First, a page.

This website contains oral recordings made in Scotland and further afield, from the 1930s onwards. The number of recordings online is now approaching 50,000.
The items you can listen to include stories, songs, music, poetry and factual information.
Welcome to the updated Tobar an Dualchais/Kist o Riches web platform. We have created this interim site to replace the original site which had become fragile and was based on technology which is no longer supported. The University of Edinburgh has provided funding for EDINA to develop this site to ensure that access to content can be maintained going forward.
It has not been possible to replicate all of the complex and bespoke functionality of the previous site, so users may find there are some changes.
Almost 50,000 recordings are now available on the interim website.
The partners in Tobar an Dualchais/Kist o Riches are currently working on a project to explore options for the future. To help us assess partners’ and users’ needs, we would be grateful if you could complete this short online survey: https://edin.ac/2w9Alv8
A changeling child was believed to be a fairy child or elderly fairy who had been left by fairies in place of a human child. The human child would then be brought up by the fairies. Children were believed to be more susceptible to being stolen prior to being baptised.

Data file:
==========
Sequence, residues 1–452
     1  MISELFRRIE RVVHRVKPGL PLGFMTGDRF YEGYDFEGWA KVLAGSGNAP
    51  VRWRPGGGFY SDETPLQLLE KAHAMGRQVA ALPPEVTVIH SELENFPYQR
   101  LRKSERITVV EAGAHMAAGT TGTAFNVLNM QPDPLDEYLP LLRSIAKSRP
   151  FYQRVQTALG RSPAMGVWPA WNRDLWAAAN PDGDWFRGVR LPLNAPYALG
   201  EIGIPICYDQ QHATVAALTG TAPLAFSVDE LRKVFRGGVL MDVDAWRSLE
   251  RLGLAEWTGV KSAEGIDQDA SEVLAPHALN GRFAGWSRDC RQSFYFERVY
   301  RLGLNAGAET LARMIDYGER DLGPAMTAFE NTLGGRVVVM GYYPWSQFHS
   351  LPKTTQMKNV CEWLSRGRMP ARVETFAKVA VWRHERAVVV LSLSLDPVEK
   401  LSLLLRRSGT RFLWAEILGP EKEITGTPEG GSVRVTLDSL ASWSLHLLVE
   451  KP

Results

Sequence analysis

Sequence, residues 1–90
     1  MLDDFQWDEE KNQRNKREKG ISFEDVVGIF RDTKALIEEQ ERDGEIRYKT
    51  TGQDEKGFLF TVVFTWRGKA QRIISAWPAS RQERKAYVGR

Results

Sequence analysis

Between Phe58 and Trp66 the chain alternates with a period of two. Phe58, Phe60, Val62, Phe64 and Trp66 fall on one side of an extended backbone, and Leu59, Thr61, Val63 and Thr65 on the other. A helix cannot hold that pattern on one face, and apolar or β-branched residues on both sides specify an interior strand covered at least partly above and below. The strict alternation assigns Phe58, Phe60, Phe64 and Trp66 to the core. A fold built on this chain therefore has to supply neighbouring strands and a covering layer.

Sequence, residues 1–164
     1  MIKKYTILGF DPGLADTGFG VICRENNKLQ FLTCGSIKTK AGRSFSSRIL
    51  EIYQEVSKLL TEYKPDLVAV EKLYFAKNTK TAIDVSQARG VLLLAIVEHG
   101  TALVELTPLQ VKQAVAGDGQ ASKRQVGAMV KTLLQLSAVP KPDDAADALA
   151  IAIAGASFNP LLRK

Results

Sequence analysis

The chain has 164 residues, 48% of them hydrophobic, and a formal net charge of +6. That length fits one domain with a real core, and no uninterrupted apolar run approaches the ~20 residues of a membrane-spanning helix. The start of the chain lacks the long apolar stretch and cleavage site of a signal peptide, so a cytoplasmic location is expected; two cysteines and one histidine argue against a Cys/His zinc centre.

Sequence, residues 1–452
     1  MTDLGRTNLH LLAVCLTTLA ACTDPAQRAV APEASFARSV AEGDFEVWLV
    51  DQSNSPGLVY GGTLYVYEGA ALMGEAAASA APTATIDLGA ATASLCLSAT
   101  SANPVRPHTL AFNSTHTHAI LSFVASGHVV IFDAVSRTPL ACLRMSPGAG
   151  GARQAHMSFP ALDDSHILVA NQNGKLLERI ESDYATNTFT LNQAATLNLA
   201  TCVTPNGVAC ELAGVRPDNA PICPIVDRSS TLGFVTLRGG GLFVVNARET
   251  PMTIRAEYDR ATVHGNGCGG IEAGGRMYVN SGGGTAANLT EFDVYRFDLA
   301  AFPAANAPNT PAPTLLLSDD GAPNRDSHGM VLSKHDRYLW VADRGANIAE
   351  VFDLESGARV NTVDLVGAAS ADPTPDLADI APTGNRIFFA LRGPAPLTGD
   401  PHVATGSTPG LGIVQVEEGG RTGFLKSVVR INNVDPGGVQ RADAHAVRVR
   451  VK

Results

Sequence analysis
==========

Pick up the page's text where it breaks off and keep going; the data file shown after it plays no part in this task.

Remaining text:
There are different theories as to why a human child might be taken- some believed that it was to exchange a sickly or unattractive fairy child for a healthy, beautiful human child, while others thought that it was out of spite, or that the child would be taken to work as a servant. There was also a theory that fairies believed it was more respectable for fairy children to be raised by humans. In the case of elderly fairies being swapped, it was thought that they would be able to live in comfort, cherished by their human parents.
Incessant crying, constant feeding or eating vast amounts of food, or the ability to speak at a very young age were all signs that a child could be a changeling.
There were various ways of exposing a changeling and getting one’s own child back. One method was to expose the changeling to fire. The child would be held closely in front of the fire or suspended in a basket over it. If it was a changeling it would make its way up the chimney, sometimes hurling insults as it disappeared. Other methods of getting rid of a fairy changeling were to threaten to expose it to water or to tell it that the fairy hill was on fire.
In this story told by Nan MacKinnon from Vatersay, a women’s child is taken by the fairies and is replaced with a changeling. The child eats constantly and this arouses the woman’s suspicions. One day she pretends to leave the house but secretly watches through the window. The child begins to play the chanter and she realises he is in fact a changeling. She is advised by an old man to take the child to the shore and leave him on a rock as the tide comes in. The changeling takes on his real form - an old fairy man - and the woman refuses to rescue him until she gets her own child back.